Monday, 21 November 2016

aspiring to humility

I've been wanting to write about humility for several weeks now but have been stalling.  The truth is, thinking about humility theoretically is good, but it is not enough.  Writing about it is not enough.  Every moment I spend time pondering the extraordinary quality of humility, I feel called to turn my thoughts into action, to move from the cerebral to the practical.  And while humility is a quality I want my life to be defined by, I realize that there are no short cuts to becoming humble.  From my experience, the best opportunities to actually practice humility hurt.  We can practice humility when we've been wronged or treated unfairly, when we've been misunderstood, when we find ourselves clinging to the applause of some or shrinking at the disapproval of others, when we are faced with the choice to assert ourselves or put others first.  All of these opportunities and many more like them seem to have one thing in common: they come in times of difficulty.

a modest or low view of one's own importance; humbleness

Humility is beautiful, but it is not weak.  Humility is not to be mistaken for low self esteem or an inferiority complex.  In fact, the portrait of humility I find in the Bible, especially in the person of Jesus, requires immense strength of character and an ongoing commitment to choose love every time. The bible issues a wild challenge to every follower of Christ:
In your relationships with one another, have the same mindset as Christ Jesus:  Who, being in very nature God, did not consider equality with God something to be used to his own advantage; rather, he made himself nothing by taking the very nature of a servant, being made in human likeness. And being found in appearance as a man, he humbled himself by becoming obedient to death --even death on a cross!  (Philippians 2: 5-8  NIV)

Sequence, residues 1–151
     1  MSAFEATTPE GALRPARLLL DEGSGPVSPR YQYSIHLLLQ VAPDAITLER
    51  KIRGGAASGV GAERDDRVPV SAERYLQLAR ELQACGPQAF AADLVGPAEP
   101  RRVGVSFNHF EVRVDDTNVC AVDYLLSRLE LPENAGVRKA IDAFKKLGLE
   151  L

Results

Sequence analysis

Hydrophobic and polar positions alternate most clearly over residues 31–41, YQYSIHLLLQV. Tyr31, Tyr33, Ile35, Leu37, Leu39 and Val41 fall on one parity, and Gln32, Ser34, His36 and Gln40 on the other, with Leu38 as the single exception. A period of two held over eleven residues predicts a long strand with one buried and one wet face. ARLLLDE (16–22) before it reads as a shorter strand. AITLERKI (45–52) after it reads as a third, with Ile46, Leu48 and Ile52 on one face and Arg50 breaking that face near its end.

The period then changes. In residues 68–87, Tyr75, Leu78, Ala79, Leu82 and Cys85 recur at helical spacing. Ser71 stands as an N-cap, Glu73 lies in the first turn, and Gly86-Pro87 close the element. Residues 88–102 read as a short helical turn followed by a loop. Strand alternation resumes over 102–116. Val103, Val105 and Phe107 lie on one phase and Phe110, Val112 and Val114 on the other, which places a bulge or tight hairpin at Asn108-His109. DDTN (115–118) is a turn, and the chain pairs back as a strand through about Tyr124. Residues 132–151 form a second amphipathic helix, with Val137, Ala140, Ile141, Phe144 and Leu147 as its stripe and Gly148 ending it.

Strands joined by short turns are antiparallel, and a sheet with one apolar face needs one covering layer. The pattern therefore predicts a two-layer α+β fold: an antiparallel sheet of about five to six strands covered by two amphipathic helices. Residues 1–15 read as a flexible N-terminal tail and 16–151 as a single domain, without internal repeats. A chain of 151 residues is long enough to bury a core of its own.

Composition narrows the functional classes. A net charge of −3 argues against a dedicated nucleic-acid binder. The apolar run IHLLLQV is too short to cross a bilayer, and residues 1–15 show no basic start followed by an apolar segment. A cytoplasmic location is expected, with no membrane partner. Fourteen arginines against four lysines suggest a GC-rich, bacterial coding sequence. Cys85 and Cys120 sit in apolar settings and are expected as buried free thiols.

Humility requires of us.   

It requires forgiveness, mercy and kindness.  It requires self-control and a willingness to step down in order to elevate others.  It requires speaking softly or not at all, when it feels more natural to raise our voice and be heard.  It requires listening, caring and for most of us, it requires a lot of practice in consciously choosing to do the hard thing.  

I wish it were otherwise, but the practice of humility does not come naturally to me. I constantly struggle internally with things that work against humility:  insisting on my right to be heard; my over-concern with what others might think of me; my desire to set the record straight, to be understood and accepted; my tendency to put myself on centre stage rather than being content as supporting cast. 

And so.... I've been praying A LOT.  I've been asking God to help me change my mind, to help me choose to think and respond differently than what comes most natural.  The bible has a really cool term for this whole process, it is called the "renewing of your mind."  In Romans 12:2 Christ followers are encouraged in this way:
Do not conform to the pattern of this world, but be transformed by the renewing of your mind. Then you will be able to test and approve what God's will is --his good, pleasing and perfect will. (NIV Romans 12:2)

There are different ways to understand the phrase "pattern of this world" but I think the easiest way is that it simply represents the road that most of us travel naturally and easily:  the ME-first road.  In this verse, I think believers are being challenged to choose the hard way -- the way that requires a different model of thinking, literally a new mind on the matter.  And as for what is God's "good, pleasing and perfect will," that can be answered easily:
He has shown you, O mortal, what is good.  And what does the Lord require of you?  To act justly and to love mercy and to walk humbly with your God. (Micah 6:8 NIV)

Oh goodness!!  Even as I read and write in this moment, I let out a heavy sigh.

I have such a long way to go in this process.  And the hardest part of all is that practicing is really hard.  Am I willing to commit to this kind of rigorous training?  Is the outcome, a life characterized by humility, something I am willing to keep in my sights?

If I truly want to walk daily in humility, I know it means facing difficult things.  It means summoning the courage to invite opportunities, submit to this growing process, and to remind myself:  Don't just think about it.   DO IT!

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